Bryzgalov blames himself for Flyers' loss
TAMPA, Fla. - Ilya Bryzgalov was so angry that he was talking to himself. Sitting in his stall with his skates on inside the Flyers' locker room at the St. Pete Times Forum, Bryzgalov was trying to come up with answers for his latest ebb in a season full of ups and downs.
TAMPA, Fla. - Ilya Bryzgalov was so angry that he was talking to himself.
Sitting in his stall with his skates on inside the Flyers' locker room at the St. Pete Times Forum, Bryzgalov was trying to come up with answers for his latest ebb in a season full of ups and downs.
This time, it was after perhaps his worst performance as a Flyer, when he allowed four goals on the first 10 shots he saw, en route to a 5-1 hurtin' put on by the Lightning.
He didn't know quite how to describe his performance.
"Outstanding," Bryzgalov said, dripping with sarcasm. "What do you think? We lose, 5-1. After 4-2 and 6-0. How do you think I feel about my game? What do you think?"
Now, all Bryzgalov needs is to check his iPhone Compass app, the one that helped him get out of the woods earlier in the season.
On the heels of a seven-game winning streak to start the month, the Flyers have lost four of their last five, being outscored, 18-5, in those four losses. The only game in that stretch that Bryzgalov did not start was the only game the Flyers won. Then again, Bryzgalov has had stretches of 5-0-1 and 6-0-0 this season.
Overall, Bryzgalov's save percentage has dipped to .890 and his goals-against average has climbed to 3.01. Only Michal Neuvirth, Dwayne Roloson, Steve Mason and Marty Brodeur have a worse save percentage with at least 16 games played.
When asked whether he was worried about Bryzgalov's play, Flyers coach Peter Laviolette did not exactly give his $51 million man a vote of confidence.
"In the end, I think we can all be a little bit better," Laviolette said. "We can all do a better job here."
It was just the fourth time the Flyers have lost back-to-back games this season. They have not lost three straight at any point.
With the loss, the Flyers enter tomorrow night's contest tied in points with Pittsburgh for second in the Atlantic Division. They could slide from first to third in the division - and fifth place in the Eastern Conference - in only 8 days.
"We just didn't score on our chances," Jaromir Jagr said. "We played most of the game in their zone. Everything went our way 2 weeks ago. Now it looks like nothing goes our way."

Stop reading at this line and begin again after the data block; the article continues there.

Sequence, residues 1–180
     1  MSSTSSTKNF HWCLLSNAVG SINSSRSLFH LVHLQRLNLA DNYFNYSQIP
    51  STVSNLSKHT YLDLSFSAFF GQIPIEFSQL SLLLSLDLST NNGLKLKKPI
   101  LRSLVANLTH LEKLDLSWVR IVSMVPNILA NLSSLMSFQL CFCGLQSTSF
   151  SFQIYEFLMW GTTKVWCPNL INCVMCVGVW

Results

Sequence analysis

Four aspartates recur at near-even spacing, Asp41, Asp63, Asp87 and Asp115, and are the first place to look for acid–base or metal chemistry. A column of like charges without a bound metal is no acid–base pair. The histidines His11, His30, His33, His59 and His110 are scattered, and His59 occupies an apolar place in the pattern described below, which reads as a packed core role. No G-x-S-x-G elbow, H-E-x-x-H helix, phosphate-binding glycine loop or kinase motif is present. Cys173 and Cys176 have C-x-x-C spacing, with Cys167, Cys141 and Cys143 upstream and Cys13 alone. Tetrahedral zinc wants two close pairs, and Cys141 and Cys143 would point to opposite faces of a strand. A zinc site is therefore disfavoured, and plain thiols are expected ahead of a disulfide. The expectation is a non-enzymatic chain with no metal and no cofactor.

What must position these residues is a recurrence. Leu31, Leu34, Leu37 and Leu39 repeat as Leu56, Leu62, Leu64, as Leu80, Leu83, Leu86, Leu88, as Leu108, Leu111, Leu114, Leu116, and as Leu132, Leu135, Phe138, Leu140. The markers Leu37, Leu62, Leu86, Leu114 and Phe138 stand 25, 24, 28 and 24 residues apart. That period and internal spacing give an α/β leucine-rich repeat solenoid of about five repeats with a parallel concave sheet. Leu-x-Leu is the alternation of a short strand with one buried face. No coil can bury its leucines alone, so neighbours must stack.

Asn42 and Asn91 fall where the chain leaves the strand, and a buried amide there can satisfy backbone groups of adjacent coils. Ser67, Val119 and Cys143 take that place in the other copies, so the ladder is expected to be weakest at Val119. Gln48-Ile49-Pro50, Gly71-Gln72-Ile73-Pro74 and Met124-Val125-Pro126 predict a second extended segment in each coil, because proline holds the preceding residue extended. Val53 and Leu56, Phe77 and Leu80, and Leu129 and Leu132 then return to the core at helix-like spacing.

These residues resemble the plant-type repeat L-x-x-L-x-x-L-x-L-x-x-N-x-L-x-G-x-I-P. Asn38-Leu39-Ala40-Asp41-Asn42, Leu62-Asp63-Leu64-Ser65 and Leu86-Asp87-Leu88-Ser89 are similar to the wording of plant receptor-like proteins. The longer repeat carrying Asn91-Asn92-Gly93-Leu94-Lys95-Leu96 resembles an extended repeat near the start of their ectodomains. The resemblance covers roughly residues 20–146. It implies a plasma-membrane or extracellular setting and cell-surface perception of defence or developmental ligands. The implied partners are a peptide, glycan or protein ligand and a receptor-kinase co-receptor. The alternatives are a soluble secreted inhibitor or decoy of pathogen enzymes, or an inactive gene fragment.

Last night, the shot count seemed to tell the story. Combining the first and third periods, the Flyers outshot Tampa Bay by a total of 29-8. In that middle frame, the Flyers managed only three shots to the Lightning's eight.
"We lost our identity a little bit in the second period," Laviolette said. "It went from what was a good period to a period where we sat back and didn't move."
Then, in the third period, with the Lightning already clinging to a 4-1 lead, the Flyers had little wiggle room in front of Mathieu Garon.
"It doesn't really matter if you outplay them or not," Jagr said. "The goal is to score more goals to win the hockey game. When they had the lead, they could do anything they want."
That shot count, instead, says more about the Flyers' own end.
"We were aware that they are a good team and if you fool around, you will get in trouble," Bryzgalov said. "I think the team played really well. Their goalie played an outstanding game. Our goaltender, me by myself, needs to be better. That's the bottom line."
Brayden Schenn returned to the lineup for the first time since suffering a concussion on Dec. 3. He replaced healthy scratch Jody Shelley and skated with Zac Rinaldo and Harry Zolnierczyk . . . The Flyers have seven losses on the road this season. Four of them are to the Rangers and Lightning (two apiece) . . . The north and south sides of the Empire State Building will be lit in the Flyers' orange and white colors tonight in honor of the upcoming Winter Classic. The east and west sides of the "World's Most Famous Office Building" will be glowing in the Rangers' blue and red.